RN & France:
'A Gallant Rescue' by Ebenezer Colls, HMS Endymion rescues a French two-decker, Spanish Coast, 1803
This painting is in the collection of the National Maritime Museum, Greenwich, and comes with a brief description of the event depicted.
Towards the close of the long French war, Captain the Hon. Sir Charles Paget, while cruising in the ‘Endymion’ frigate on the coast of Spain, described a French ship of the line in imminent danger, embayed among rocks upon a lee shore, bowsprit and foremast gone, and riding by a stream cable, her only remaining one. Though it was blowing a gale, Sir Charles bore down to the assistance of his enemy, dropped his sheet anchor on the Frenchman's bow, buoyed the cable, and veered it athwart his hawse. This the disabled ship succeeded in getting in, and thus 700 lives were rescued from destruction. After performing this chivalrous action, the ‘Endymion’, being herself in great peril, hauled to the wind, let go her bower anchor, club hauled and stood off shore on the other tack
There is some controversy about whether this 'rescue' ever actually happened. No mention of it is made in Endymion's log and the painting's description dates it to the end of the war, while Paget only commanded Endymion around 1803. Laughton - one of the leading naval historians of his time - dismissed it as 'improbable' in his 1893 DNB entry for Paget.
However, Paget's grandson, Revd Edward Paget reported in his 1913 memoir of his grandfather, that the story was well known in his family and that Paget had commissioned a different picture of the event in 1807 (the later dating being an error). As to why the event was not described in the log:
Sir Charles - who had other risky manoeuvres to his name - had not reported it officially since [it was] contrary to his specific instructions to destroy enemy shipping, let alone more general regulations. Edward also recalled his father's report that Sir Charles's particular worry in not doing so was how otherwise to account to the Admiralty for Endymion's loss of the two anchors involved.
July 1976, off Marsa Matruh. Light cruiser Zhdanov arrives for the USSR Navy Day celebrations. Later she will provide support for the Echo II class nuclear cruise missile submarine K-22 after the latter collides with USS Voge (FF-1047) in the Ionian Sea.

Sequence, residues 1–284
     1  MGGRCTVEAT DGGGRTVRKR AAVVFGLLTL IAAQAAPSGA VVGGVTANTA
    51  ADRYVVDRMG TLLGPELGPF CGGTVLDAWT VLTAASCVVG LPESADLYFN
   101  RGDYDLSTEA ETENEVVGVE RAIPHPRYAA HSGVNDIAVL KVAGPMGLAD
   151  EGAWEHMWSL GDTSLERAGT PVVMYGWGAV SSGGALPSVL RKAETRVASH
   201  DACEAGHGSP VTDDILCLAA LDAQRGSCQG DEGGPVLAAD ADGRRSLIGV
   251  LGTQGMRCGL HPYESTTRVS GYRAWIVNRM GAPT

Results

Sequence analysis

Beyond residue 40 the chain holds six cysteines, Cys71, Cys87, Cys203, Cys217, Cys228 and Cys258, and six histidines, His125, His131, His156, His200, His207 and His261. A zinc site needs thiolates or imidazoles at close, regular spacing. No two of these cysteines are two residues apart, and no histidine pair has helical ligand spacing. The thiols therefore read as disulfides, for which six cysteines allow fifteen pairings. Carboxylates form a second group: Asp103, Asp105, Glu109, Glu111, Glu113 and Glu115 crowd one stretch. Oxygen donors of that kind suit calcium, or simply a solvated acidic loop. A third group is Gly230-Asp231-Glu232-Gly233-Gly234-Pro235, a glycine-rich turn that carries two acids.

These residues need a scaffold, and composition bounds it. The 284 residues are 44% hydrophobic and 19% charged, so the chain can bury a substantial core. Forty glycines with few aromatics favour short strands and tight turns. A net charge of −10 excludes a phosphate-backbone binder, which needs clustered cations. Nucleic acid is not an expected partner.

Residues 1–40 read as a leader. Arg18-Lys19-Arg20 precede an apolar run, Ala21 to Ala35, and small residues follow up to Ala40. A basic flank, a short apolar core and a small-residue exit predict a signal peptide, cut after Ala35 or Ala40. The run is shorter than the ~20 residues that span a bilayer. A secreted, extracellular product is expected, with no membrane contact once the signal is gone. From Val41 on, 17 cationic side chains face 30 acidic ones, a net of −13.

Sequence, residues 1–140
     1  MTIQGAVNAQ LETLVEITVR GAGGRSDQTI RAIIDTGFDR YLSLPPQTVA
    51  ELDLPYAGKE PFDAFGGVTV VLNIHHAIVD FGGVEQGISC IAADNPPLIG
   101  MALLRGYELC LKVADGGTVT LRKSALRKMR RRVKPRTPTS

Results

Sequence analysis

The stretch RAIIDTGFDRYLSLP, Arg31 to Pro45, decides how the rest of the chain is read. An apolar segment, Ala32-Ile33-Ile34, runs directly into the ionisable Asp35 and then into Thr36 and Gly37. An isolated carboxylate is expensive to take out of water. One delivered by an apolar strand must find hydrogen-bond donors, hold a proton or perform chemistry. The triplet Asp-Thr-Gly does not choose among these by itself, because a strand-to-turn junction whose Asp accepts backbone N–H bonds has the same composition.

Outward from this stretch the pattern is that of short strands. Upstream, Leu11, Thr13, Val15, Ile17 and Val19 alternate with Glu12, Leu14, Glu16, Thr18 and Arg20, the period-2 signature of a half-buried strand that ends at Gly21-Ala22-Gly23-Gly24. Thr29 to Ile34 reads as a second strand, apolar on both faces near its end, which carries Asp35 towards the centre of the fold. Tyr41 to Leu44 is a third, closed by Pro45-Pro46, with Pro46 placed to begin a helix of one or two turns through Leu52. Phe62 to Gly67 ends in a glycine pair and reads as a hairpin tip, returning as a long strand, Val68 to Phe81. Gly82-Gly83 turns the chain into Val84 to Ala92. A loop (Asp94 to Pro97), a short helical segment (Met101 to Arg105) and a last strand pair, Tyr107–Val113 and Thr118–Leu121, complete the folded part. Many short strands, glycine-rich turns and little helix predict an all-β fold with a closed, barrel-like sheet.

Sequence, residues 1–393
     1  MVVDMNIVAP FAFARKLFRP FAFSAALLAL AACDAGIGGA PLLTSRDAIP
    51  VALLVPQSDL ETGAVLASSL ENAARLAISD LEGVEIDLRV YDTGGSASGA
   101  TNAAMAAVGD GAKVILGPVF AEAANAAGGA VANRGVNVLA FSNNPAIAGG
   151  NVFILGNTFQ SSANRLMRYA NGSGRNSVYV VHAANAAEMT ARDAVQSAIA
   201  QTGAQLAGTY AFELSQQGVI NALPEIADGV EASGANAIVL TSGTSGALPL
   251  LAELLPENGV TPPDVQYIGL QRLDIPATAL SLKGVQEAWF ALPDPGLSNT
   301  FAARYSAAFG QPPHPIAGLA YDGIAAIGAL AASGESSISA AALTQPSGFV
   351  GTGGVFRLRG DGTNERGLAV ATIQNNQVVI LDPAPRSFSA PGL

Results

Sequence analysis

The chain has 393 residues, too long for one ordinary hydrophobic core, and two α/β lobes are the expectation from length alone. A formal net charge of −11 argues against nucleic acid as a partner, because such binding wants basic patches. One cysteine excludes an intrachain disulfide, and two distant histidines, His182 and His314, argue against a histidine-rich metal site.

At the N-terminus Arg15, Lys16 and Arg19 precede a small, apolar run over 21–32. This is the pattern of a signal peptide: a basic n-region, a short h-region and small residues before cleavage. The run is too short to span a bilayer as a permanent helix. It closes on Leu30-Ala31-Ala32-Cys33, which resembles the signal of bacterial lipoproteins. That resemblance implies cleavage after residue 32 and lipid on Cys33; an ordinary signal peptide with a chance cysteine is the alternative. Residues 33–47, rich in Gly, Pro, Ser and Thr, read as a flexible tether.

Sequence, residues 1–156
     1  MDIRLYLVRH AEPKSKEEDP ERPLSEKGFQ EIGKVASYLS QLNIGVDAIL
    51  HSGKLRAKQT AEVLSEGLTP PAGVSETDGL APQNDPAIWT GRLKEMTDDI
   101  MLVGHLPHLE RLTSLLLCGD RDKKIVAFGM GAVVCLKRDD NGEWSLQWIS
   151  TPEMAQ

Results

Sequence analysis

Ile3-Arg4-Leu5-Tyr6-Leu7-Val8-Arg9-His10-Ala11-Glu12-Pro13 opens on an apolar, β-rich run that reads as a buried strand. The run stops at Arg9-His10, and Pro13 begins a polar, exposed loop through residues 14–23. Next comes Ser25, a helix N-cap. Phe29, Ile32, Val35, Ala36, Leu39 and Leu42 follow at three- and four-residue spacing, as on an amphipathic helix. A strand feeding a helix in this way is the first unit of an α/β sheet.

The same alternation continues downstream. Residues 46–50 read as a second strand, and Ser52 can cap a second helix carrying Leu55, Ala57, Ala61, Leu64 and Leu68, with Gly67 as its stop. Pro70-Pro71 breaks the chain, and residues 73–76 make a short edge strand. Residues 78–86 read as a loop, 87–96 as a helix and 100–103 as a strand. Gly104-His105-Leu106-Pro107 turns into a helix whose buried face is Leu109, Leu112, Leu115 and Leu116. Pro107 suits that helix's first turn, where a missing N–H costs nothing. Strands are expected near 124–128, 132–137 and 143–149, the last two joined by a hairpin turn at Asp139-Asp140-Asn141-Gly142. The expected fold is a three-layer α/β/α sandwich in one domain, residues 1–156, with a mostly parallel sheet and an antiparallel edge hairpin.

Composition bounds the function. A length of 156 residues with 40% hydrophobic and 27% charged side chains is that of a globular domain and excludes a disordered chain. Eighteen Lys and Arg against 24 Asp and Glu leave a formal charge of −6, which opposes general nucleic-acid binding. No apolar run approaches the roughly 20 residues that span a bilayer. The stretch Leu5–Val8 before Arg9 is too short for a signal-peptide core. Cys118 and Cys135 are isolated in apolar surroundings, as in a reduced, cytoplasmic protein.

Destroyer Ugolino Vivaldi engaging British destroyers and cruisers while shells splash around her, 15 June 1942
Ugolino Vivaldi and her sister ship Malocello were slower than the other Italian ships (28 knots) and were unable to keep up when flank speed was ordered, so they were ordered to attack the convoy while the others went for the escort. They opened fire, but were faced with enemy destroyers; Vincent O'Hara says that it's possible that, when they launched a torpedo salvo, they struck a merchantman (whose sinking has been usually attributed to air attack).
Then the Vivaldi was struck by a 4.7 inch shell from HMS Matchless, a huge fire came up and she came to a stop; as she stood motionless, with the Malocello laying a smokescreen around them and enemy destroyers coming closer, her captain signalled: "We'll fight to the last. Long live the King." However, the enemies were soon recalled, but Admiral Da Zara (the Italian commander) had detached the other destroyers at his command to go support them, thus ending up with his force split in three.
After a while, the fire was put under control, a boiler was restarted, and the damaged destroyer was able to limp towards Pantelleria, and from there to the mainland for repairs.
HMCS Margaret Brooke, second ship of the DeWolf class is delivered in a ceremony to the RCN, July 15 2021. HMCS Harry DeWolf herself can be seen moored behind her younger sister. Official commissioning is planned for October of 2022.
25 October 1944, Battle of Cape Engaño, aircraft carrier Zuikaku and battleship Ise under attack of aircrafts of U.S. Task Force 38. Photographed by an aircraft from USS Enterprise (CV-6)
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